But the first theme I shared a year ago was clearly putting our lingering credit issues behind us and building a strong credit infrastructure that creates competitive advantage overtime. Our clear credit progression stalled in the second half of the year with third and fourth quarter noise and backup with the non-performing loans. However, we are a much better credit organization than we were just three years ago. We appropriately modified our risk appetite and adopted policies and concentration limits to ensure our credit risk profile is markedly better in years to come.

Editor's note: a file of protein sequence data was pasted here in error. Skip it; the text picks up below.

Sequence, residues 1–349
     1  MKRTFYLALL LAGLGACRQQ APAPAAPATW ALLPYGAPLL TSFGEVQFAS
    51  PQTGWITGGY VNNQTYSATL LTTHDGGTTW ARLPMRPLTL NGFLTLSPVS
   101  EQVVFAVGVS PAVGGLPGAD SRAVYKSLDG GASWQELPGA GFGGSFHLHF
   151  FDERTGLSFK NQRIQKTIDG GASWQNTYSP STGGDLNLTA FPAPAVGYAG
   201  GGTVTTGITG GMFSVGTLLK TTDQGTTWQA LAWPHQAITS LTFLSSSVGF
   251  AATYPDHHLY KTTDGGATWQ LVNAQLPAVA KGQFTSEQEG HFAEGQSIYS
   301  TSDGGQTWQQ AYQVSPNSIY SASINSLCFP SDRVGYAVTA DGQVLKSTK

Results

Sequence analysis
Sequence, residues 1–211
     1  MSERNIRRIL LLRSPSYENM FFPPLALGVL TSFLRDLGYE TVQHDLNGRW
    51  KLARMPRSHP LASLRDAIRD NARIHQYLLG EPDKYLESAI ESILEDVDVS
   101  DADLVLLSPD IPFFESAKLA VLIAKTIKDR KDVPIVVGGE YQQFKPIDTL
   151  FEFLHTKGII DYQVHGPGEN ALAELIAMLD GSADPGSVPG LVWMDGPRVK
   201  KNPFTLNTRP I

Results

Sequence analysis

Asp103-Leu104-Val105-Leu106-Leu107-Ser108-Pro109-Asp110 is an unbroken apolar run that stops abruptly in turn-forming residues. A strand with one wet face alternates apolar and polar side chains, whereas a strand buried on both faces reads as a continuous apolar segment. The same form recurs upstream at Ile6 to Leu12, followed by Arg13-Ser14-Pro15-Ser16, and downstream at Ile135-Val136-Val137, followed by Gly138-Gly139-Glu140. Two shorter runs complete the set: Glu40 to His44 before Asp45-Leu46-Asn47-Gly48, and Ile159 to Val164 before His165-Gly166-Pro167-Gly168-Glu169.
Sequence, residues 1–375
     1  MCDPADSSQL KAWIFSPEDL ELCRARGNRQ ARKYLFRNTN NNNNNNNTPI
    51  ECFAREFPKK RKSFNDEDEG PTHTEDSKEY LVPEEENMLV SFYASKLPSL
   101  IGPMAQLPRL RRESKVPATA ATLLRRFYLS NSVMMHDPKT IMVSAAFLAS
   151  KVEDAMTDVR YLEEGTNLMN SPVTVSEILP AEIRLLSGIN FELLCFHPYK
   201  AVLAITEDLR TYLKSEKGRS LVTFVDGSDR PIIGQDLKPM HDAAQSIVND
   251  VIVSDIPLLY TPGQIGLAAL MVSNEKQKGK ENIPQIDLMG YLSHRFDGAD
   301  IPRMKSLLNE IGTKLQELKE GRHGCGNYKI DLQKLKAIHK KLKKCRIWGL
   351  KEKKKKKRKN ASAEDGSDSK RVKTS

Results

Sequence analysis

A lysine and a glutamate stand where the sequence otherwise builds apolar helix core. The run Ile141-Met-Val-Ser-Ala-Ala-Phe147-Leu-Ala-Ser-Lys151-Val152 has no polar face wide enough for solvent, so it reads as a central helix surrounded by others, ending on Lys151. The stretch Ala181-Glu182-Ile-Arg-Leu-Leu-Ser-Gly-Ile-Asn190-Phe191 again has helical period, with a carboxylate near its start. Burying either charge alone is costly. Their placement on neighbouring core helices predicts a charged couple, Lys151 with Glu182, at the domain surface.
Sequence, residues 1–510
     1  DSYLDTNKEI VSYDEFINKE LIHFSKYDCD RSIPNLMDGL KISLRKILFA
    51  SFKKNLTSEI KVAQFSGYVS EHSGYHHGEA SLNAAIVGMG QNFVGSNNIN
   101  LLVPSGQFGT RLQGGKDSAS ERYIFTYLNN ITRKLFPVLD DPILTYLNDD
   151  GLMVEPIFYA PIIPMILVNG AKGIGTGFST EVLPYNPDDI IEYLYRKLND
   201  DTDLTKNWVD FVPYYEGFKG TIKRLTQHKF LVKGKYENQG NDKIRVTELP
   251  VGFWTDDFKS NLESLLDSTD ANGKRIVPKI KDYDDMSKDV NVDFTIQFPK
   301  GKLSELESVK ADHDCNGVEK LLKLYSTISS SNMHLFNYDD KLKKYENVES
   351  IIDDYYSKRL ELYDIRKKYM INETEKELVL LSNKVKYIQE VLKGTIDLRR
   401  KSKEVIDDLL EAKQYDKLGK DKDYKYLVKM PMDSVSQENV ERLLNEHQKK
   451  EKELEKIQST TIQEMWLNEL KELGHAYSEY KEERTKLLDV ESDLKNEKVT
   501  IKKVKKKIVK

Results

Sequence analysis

Just one example is our large credit exposures. We have significantly reduced the number of credits over $15 million to get the aggregate exposure to less than 50% of capital. Lastly, on credit we have two large credits that are creating a logjam in our NPLs that Bob will speak to. Our inflows are probably not that unusual, but we need to continue to make progress with the few remaining legacy development credits from the ‘04 to ‘08 vintage that still tend to creep up and haunt us; Bob will speak to these particulars in some detail in anticipation of your questions.